A study of more than 9,000 children found that patients with juvenile inflammatory arthritis more often develop type 1 diabetes than other children. Presented at the European League Against Rheumatism Annual Congress (EULAR 2016) June 8-11 in London, the study suggests that a better understanding of the connection between the two autoimmune conditions might lead to better treatments for both diseases.
Research in recent years exploring links between different autoimmune conditions has revealed a host of shared genes, placing its carriers at an increased risk of developing several autoimmune diseases. Juvenile inflammatory arthritis is no exception, and earlier studies have found that children and adolescents with the condition are also more likely to develop other autoimmune conditions.
Juvenile inflammatory arthritis — a chronic inflammation of synovial joints — is the most common rheumatic disease in children, and can affect 1-year-old babies.
“We know that there is a clear increase in the prevalence of juvenile inflammatory arthritis in young people with type 1 diabetes compared with the general pediatric population,” said study co-author Kirsten Minden from the Rheumatism Research Centre in Berlin, Germany. “However, this study shows the reverse correlation, that type 1 diabetes occurs more commonly in patients with juvenile inflammatory arthritis.
“The next step is to explore in detail the factors and mechanisms that link the two diseases, and confirm that these findings are applicable to other geographic areas, where different environmental and genetic factors are at play. By better understanding this link, we may be able to develop new preventative and therapeutic interventions,” she said.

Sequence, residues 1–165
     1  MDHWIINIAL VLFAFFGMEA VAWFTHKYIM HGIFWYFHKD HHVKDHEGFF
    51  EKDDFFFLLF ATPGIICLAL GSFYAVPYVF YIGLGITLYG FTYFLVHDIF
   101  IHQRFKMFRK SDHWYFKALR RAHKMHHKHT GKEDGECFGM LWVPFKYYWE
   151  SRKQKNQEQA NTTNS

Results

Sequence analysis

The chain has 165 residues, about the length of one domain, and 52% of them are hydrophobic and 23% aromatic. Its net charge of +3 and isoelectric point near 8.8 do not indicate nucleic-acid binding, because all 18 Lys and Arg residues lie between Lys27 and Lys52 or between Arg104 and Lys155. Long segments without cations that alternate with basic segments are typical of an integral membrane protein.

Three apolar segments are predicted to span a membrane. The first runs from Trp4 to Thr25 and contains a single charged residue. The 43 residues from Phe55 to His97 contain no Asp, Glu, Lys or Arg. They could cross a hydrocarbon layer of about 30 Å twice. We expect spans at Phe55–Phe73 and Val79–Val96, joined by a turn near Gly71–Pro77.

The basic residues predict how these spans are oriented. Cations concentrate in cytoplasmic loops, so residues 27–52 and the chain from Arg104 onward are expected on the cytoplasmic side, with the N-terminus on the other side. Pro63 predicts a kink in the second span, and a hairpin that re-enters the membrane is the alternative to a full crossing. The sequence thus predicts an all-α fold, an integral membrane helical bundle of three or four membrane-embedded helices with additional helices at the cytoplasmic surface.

Minden and her team studied 9,359 children and adolescents with juvenile inflammatory arthritis who were registered in the German national pediatric rheumatologic database (NPRD) in 2012 and 2013.
The study reports that among these patients, 50 children also had type 1 diabetes — 0.5 percent of the group. Compared to children of the same age and sex in the general population, the rates of type 1 diabetes in juvenile inflammatory arthritis patients were about twice as high.
More than half the group — 58 percent — developed diabetes on average five years before the rheumatic disease. On the other hand, children who developed arthritis first developed diabetes on average three years later.
Most of the affected children in the study had not received any disease modifying drugs for their rheumatic disease before they were diagnosed with diabetes.
The study, “Diabetes Prevalence In Patients With Juvenile Idiopathic Arthritis (JIA),” also concluded that the presence of type 1 diabetes did not impact the severity of the juvenile inflammatory arthritis.